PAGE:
26 November 2006
26 November 2006
YLA’s newest resin family, Xponent, has enabled down hole instrument manufacturers to design and fabricate a variety of instrument housings, packers, diverters and other high value components that meet the tough environmental conditions.
YLA offers Xponent BMI (bismaleimide) in various composite forms such as prepreg, towpreg and custom compression moulded components and moulding compound.
""Our motivation is to leverage our successful aerospace research for the benefit of the oil and gas industry, where extremely high performance is needed for M/LWD,"" said Samuel Sher, YLA’s Director of Marketing and Business Development. ""As our products prove daily in the most demanding aerospace and extraterrestrial applications, chemically-engineered high temperature thermoset resins like the new Xponent family are rapidly replacing metals."" Sher predicts that composite materials like the Xponent family will supplant metals as a problem-solving solution in petrochemical exploration and production, mirroring current trends in aerospace.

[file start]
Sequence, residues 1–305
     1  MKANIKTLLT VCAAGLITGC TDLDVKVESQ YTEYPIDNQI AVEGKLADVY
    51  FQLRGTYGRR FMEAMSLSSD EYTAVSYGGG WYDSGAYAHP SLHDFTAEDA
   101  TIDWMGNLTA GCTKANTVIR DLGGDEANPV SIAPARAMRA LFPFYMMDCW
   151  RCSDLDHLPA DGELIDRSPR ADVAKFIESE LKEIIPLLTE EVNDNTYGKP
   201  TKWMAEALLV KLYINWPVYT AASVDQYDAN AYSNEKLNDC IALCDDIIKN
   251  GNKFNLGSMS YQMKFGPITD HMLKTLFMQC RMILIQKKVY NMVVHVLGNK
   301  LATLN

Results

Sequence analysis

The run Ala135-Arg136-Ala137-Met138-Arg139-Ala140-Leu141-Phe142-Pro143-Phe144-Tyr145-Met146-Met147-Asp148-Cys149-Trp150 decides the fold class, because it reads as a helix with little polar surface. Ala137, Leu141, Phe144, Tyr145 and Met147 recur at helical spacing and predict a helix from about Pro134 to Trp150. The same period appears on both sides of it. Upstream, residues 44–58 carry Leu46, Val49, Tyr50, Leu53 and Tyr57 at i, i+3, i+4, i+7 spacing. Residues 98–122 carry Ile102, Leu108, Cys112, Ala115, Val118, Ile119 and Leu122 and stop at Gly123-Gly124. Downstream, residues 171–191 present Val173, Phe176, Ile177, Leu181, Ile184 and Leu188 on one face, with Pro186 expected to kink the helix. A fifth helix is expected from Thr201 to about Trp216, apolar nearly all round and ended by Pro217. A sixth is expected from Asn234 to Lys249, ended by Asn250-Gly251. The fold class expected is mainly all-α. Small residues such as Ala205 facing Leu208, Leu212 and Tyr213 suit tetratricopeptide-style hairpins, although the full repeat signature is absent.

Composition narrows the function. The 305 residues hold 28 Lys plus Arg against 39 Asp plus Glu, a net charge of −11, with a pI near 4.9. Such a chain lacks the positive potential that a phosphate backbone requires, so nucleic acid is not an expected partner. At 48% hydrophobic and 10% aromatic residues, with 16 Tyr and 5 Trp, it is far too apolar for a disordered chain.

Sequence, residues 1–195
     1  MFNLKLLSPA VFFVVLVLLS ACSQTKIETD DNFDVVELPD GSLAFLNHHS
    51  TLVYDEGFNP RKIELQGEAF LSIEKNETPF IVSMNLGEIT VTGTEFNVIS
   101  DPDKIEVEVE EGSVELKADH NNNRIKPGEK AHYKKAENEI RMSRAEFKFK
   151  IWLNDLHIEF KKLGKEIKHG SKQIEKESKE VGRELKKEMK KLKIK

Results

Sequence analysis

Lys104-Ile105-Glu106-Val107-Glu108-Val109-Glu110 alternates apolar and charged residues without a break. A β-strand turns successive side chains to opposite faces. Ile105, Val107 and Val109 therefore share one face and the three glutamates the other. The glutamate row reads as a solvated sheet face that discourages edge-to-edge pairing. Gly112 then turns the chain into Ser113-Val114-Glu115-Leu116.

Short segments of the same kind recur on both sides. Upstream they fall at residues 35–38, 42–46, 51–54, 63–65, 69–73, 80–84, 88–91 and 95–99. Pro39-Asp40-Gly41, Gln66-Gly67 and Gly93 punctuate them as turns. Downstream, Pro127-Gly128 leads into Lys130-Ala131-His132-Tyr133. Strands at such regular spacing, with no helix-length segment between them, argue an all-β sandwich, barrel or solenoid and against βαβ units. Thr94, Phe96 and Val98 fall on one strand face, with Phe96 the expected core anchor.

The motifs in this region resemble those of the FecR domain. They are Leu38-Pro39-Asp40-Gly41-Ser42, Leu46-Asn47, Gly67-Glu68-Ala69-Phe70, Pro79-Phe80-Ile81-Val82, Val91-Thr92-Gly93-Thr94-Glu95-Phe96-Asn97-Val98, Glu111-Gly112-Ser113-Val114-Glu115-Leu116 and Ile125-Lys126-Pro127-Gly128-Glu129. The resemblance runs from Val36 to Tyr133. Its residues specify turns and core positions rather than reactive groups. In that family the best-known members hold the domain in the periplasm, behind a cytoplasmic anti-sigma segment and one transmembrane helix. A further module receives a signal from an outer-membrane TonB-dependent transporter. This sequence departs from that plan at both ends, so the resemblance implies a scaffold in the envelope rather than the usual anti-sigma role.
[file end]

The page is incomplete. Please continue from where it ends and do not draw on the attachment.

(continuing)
Survival of down hole instrumentation is an engineering challenge due to extreme pressure, heat and vibration.
""Bismaleimide or BMI resins and carbon fiber composites like the Xponent family are rapidly evolving, superceding some of the highest performance metals,"" said Tom Jonas, YLA’s Manager of Research and Development. ""When used for down hole M/LWD in packers and telemetry housings, Xponent-based components gain qualities difficult to achieve with metals, including RF and magnetic field transparency and rapid drill-through. Typical uses for the housings include real time formation pressure, temperature, density, neutron porosity and magnetic measurements and geologic (seismic) data acquisition. From a life cycle standpoint, YLA’s technology yields components that do much more at lower overall cost."" ""Production volumes of key composite components will soon be available to the petrochemical market, from our customer-partners,"" said Sher. ""YLA is seeking new active partnerships with M/LWD developers to advance the use of these and other composites in their line cards.""
Renegade Materials recently celebrated General Electric’s first shipment of a GE Passport Engine shipset built with the company’s RM-1100 polyimide high-service temperature composite prepregs.
New Zealand company Revolution Fibres is tripling nanofibre production to meet increased international demand from a range of industries, from cosmetics manufacturers through to Formula One teams.
US company Web Industries has opened its first European sales office in Hamburg, Germany.